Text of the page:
Current English Literature PhD student, Abigail Boucher, has passed the last year as a Hunterian Associate working with Special Collections’ “Silver Fork” novels. Here she describes here experiences and the outcome of all of her work, an Etiquette compendium offering insights into the do’s and don’ts for aspiring class-climbers of the early 19th century.
‘Silver fork’ fiction (also called ‘fashionable’ fiction) was a popular genre from the 1820s to the 1840s which is hardly studied at all today. One of the primary purposes of silver fork fiction was to provide middle-class readers with an inside view to high society, with each novel giving semi-satirical guides for upper class behaviour. This advice covers all aspects of aristocratic life, from clothing and beauty tips, to the treatment of servants, house décor, courtship protocol, dueling, politics, and more. The advice simultaneously gave the middle classes the information they needed to emulate the aristocracy while at the same time often satirizing the aristocracy.
“It is not every many who can wear a white waistcoat and cravat, without looking either as insipid as a boiled chicken, or as dingy as a Spanish olive. But for those qualified by nature by clear complexions and well planted whiskers to surmount the difficulty, nothing like it to mark the inborn distinction between a gentleman and a butler!” (Cecil 104).
The University of Glasgow’s Special Collections houses 75 rare silver fork novels, usually in a 3-volume format, with each novel typically numbering over 1,000 pages. Over the course of this project, I have read each of those 75 novels and extracted from their narratives all of the fashionable advice voiced by both characters and authors.
“No man should read after nineteen. From thirteen to nineteen, hold your tongue, and read every thing you can lay your hands on . . . From nineteen to twenty-two, action, action, action.” (The Young Duke 2:6-7).
The fashionable advice that I pulled from these novels filled roughly 100 typed pages, which is far too dense to generate much public interest. Therefore, the advice was strained down to a ‘best of’ version, and this website was created where that advice could easily be divided up into user-friendly chapters based on the subject. Each chapter has its own page, its own introduction, and its own contemporary illustration of the subject matter. Each chapter is usually subdivided into smaller, cohesive sections, depending on how large the topic is and how frequently the silver fork novels provide advice about that topic.
“The first requisite for a newly-initiated member [of high society] is, how to cut [snub] all friends and relations who are not deemed worthy of being of a certain coterie” (The Exclusives 2:136).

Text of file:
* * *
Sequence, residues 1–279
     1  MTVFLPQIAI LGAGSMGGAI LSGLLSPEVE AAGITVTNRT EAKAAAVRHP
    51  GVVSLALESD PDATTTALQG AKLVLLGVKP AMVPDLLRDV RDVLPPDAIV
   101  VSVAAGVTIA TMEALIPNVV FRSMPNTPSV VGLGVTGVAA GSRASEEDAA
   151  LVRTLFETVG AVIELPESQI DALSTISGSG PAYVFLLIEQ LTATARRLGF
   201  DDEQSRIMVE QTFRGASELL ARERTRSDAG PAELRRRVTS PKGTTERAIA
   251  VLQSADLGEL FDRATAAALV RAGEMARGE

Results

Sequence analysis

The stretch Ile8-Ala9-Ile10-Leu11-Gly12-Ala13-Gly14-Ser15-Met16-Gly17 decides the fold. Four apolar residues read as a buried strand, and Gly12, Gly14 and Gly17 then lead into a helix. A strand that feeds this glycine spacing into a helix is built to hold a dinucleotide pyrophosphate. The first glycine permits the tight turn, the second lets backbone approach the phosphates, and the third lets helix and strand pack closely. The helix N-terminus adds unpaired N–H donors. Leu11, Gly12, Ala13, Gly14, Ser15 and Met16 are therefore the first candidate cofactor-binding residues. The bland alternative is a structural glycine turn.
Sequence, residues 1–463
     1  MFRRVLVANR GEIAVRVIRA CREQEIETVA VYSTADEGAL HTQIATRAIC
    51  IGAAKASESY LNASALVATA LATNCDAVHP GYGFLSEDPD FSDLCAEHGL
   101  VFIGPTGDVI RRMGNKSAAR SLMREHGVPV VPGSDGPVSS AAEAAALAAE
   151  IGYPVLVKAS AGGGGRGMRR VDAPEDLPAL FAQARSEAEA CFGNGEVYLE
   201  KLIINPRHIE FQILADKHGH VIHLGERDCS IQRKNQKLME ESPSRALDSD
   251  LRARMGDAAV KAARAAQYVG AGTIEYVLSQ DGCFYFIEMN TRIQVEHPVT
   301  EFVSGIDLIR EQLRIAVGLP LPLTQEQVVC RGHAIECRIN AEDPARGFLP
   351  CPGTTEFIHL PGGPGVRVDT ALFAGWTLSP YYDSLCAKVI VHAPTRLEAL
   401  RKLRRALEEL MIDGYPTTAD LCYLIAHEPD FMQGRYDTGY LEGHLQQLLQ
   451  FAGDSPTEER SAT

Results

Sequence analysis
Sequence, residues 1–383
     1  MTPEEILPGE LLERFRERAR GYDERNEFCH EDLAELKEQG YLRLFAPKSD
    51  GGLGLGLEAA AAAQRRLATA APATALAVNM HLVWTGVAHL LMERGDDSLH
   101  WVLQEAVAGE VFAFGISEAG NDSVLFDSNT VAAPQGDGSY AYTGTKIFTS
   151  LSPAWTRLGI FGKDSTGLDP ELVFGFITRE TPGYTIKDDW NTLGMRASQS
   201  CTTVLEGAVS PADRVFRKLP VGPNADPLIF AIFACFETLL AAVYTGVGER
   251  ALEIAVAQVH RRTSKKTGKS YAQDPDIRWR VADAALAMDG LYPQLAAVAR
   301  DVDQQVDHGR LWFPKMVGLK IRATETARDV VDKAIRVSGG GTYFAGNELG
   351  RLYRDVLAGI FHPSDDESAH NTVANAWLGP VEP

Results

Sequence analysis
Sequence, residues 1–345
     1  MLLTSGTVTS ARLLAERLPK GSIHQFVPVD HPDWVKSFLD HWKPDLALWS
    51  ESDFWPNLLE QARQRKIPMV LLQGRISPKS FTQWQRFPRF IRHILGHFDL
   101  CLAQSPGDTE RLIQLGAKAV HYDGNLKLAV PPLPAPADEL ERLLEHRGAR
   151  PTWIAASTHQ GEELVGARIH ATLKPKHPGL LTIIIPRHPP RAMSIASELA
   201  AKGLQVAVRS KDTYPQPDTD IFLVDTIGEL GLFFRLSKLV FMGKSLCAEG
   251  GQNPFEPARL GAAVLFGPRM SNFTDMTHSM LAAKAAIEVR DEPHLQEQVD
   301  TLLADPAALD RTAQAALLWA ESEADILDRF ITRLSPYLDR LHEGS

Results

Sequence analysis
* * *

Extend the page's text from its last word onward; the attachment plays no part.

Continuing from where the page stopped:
At some point, the full 100 pages of extracted advice will be tidied up and put on the site as a PDF, for the use and convenience of other scholars.
The site also has a full bibliography, complete with the shelf-mark number for each book housed in Special Collections, in order to promote the usage of those books. The website also provides a glossary of terms: since these novels are almost 200 years old, some of the terminology or concepts are archaic. In addition, these novels depict a very exclusive social class, which makes use of its own slang or speaks in French.
“least of all, did he affect that most displeasing of minor ostentations, that offensive exaggeration of neatness, that outré simplicity, which our young nobles and aspiring bankers so ridiculously think it bon ton to assume” (Godolphin 1:213).
The goal of this project is to generate popular and academic interest in a genre that defined the early nineteenth century in Britain. The superficial and faddish nature of most of this fiction sadly meant that the novels became outdated very quickly and were not considered literary enough to stand the test of time; this is unfortunate, since these novels provide snapshots of very popular modes of thought from the 1820s to the 1840s, as well as problematising and providing further insight into what is already known about early nineteenth-century literature and culture.
This project serves to continue the legacy of the silver fork novel: it strives to give the average reader a window to a lesser-known world, to provide that reader with rarely-seen advice, and, most of all, to entertain.
If you’re a current University of Glasgow Postgraduate Research student, and Abi’s project has whet your appetite to become involved in the Hunterian Associate Programme, please note that we’re currently recruiting for the 2015 intake.
Images in this post come from the satirical Glasgow/Northern Looking Glass published in the mid 1820s.